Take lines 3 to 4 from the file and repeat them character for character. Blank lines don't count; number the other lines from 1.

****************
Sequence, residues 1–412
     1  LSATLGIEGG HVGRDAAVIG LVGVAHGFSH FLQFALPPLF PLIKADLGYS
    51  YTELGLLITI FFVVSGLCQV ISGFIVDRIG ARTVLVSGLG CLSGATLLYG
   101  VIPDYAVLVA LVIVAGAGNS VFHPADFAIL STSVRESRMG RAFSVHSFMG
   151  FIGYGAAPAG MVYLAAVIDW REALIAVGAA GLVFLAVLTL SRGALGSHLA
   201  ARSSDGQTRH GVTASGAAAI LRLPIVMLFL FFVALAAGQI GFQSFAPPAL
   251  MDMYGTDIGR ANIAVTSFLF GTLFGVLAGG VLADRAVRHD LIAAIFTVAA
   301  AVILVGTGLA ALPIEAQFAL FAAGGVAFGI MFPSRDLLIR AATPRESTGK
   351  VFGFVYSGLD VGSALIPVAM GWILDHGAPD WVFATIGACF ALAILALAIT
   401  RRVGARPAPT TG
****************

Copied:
    51  YTELGLLITI FFVVSGLCQV ISGFIVDRIG ARTVLVSGLG CLSGATLLYG
   101  VIPDYAVLVA LVIVAGAGNS VFHPADFAIL STSVRESRMG RAFSVHSFMG